I recently learned that a childhood friend of mine suffered from post partum depression after the birth of her first child. Like so many new moms, she didn’t recognize the symptoms right away, and it took her even longer to share her story once the depression had passed. Lots of accounts of PPD are floating around online, but I think this one is especially poignant for a few reasons:
- the author is a friend
- she is a childbirth educator, doula and all around mom-helper by trade
- her clever article sheds a different sort of light on what it feels like to be depressed at a time when you “should” be happy
A fairy tale for the not-so-fairy tale experience of post partum depression
Not so long ago, and not that far away, in a land of angels, there was a beautiful Princess who wanted nothing more than a baby of her own. Her Prince had not arrived yet, so she helped other mothers have their babies. Each time she watched a baby being born, she would say to herself quietly, ‘Someday, I will be on the other side, and the baby will be mine.’
She searched high and low for the father of her would-be children, but she lived in a strange land where the Princes were very busy with their hairstyles, and their Prince out-fits, and none of them seemed to be the right one. So the Princess kept at her calling, her work with mothers, and waited as patiently as she could, counting the days until her baby would come.
One day, the Princess met her Prince. She didn’t know right away, but the Prince stayed close, and in time it became clear they were destined to marry. Just 12 days after the wedding, the Princess welcomed a baby into her belly. There was much joy and celebration. Finally the Princess had her dream. A baby was coming to her!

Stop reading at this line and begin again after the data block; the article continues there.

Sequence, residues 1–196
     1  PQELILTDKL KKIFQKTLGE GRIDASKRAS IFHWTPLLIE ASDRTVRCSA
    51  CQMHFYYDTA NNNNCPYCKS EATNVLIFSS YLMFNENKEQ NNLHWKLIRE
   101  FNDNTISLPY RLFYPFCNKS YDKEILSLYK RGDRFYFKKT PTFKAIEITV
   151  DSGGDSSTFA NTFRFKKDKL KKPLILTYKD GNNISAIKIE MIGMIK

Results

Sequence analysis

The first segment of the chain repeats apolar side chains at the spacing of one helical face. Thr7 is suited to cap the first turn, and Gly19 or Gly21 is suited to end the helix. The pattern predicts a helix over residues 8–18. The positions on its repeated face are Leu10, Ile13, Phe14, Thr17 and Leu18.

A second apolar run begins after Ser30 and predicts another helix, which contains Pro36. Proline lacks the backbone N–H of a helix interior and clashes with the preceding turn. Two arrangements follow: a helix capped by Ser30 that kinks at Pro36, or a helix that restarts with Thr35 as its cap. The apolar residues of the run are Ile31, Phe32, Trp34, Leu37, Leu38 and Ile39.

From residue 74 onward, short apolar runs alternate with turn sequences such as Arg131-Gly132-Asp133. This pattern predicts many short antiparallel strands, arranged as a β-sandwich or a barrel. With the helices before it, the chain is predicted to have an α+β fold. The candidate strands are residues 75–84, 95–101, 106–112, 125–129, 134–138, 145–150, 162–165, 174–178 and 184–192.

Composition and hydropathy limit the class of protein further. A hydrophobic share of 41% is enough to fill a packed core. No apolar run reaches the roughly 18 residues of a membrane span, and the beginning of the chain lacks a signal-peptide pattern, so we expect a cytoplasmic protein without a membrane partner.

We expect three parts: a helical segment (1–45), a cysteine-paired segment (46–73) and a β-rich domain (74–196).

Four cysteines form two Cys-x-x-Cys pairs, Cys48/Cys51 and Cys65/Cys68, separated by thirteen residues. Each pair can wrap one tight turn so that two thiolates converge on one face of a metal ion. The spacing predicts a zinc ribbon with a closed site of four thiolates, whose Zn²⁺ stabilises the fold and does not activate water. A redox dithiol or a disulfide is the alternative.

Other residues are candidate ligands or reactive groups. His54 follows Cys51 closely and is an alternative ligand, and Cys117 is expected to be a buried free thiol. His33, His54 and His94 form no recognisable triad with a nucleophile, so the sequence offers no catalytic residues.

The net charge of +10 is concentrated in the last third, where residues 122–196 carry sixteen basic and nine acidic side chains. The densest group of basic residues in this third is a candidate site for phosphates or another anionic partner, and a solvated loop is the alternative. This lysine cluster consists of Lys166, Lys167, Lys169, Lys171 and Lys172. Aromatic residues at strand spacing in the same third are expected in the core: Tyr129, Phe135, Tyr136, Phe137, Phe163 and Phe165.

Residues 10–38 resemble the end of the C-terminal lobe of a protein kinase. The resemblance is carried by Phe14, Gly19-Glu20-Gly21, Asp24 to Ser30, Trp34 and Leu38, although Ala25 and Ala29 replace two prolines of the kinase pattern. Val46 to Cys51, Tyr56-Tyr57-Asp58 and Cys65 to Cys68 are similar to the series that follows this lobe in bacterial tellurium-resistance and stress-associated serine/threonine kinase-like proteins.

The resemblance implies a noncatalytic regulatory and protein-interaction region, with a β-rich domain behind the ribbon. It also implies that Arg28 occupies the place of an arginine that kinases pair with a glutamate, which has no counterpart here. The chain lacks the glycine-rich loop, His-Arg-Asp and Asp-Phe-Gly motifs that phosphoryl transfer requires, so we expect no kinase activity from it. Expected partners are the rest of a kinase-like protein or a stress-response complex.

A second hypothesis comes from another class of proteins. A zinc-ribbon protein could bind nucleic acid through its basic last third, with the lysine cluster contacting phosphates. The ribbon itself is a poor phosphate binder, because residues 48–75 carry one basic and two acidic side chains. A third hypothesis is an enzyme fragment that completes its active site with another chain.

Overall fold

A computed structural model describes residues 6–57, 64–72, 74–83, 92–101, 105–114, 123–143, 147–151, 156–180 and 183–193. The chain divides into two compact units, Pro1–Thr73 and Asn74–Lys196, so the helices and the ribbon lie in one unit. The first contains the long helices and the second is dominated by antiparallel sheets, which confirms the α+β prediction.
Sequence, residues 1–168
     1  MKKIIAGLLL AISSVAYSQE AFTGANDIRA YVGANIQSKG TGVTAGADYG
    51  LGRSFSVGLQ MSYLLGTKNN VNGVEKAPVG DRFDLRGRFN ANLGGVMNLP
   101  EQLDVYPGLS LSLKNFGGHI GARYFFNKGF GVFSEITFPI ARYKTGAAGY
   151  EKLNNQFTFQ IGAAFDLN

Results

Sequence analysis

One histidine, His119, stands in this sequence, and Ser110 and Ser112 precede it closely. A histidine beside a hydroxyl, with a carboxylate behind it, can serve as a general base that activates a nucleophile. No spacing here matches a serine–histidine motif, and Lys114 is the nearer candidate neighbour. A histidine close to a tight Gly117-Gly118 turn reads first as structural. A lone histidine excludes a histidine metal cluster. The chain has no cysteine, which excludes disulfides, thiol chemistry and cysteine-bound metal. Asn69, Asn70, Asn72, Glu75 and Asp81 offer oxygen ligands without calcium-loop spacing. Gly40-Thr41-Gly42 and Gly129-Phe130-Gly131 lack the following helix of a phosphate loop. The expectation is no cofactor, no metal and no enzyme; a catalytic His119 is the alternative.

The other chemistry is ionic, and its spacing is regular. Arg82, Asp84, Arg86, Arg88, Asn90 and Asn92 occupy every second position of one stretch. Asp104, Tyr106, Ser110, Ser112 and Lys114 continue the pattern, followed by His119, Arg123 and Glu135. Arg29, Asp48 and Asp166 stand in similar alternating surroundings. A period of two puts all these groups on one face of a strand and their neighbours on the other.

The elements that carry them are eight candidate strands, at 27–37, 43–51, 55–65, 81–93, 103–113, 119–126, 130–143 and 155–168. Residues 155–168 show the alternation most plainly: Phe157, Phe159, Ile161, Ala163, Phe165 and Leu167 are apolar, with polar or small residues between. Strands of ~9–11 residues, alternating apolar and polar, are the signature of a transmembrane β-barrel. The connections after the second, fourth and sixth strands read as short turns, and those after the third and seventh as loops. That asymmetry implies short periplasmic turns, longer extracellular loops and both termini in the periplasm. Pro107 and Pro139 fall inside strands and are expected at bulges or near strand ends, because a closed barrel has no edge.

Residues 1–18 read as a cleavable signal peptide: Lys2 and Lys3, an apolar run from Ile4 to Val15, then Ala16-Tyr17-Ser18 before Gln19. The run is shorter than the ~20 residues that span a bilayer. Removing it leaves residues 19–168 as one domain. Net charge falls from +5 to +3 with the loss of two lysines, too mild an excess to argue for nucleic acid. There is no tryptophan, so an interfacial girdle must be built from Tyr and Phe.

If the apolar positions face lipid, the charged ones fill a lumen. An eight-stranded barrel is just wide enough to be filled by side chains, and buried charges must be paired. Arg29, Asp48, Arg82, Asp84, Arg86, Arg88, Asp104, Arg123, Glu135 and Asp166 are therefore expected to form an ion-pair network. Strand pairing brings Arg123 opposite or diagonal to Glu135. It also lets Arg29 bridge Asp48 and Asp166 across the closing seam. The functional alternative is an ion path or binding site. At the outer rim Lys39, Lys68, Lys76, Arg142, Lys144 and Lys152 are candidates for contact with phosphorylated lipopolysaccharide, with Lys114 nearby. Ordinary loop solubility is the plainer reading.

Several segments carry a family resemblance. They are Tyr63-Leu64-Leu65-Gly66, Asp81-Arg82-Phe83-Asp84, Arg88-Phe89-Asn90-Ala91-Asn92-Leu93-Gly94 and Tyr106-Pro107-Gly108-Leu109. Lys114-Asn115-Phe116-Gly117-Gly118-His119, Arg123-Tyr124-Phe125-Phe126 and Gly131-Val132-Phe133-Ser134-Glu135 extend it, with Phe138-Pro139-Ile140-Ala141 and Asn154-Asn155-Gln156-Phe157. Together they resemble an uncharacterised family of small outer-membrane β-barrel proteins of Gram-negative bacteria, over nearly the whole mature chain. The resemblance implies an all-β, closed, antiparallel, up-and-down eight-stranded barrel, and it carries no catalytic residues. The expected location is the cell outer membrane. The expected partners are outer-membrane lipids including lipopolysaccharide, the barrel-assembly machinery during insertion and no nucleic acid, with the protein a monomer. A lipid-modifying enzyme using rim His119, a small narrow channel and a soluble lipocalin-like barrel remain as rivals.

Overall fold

One thing surprised the Princess very much. From her work, she thought she had a deep faith in birth and mothers. She expected to feel bliss, anticipation, and calm delight as she waited for her baby to arrive. Instead, she was very scared. She went to the woods and sat under a wise tree and asked the tree what she should do. Only silence came back to her.
So she began to gather the things she needed to have a baby. She built a place where all the mothers could come together to learn, and talk, and listen to one another. She learned she was not alone. She found a wise woman who would stand by her and help her birth her baby. The wise woman’s house was built into a tree, and she smelled like burning pinon bark. The wise woman said to the Princess: ‘I cannot carry you over the coals to motherhood. You must walk there alone.’
The day came when it was time for the Princess to give birth. She was very nervous. She tried to put it off. For days, she fought her body. “Not now, not now’ the Princess said. ‘Please, please, I want to bring your baby to you’ her body pleaded. ‘One more thing, one more task’ the Princess busied herself with distractions, scared to begin the walk.
Soon the Princess’s body began to take over. The Princess began to walk the birthing walk, not sure if she would make it through. The wise woman arrived and built a fire. She didn’t look at the Princess, but sang a simple song and busied herself. The Prince and the Princess worked through the pains together. The Princess couldn’t believe that everyone else was so calm. She was sure she was not going to have a baby. Something had to be wrong.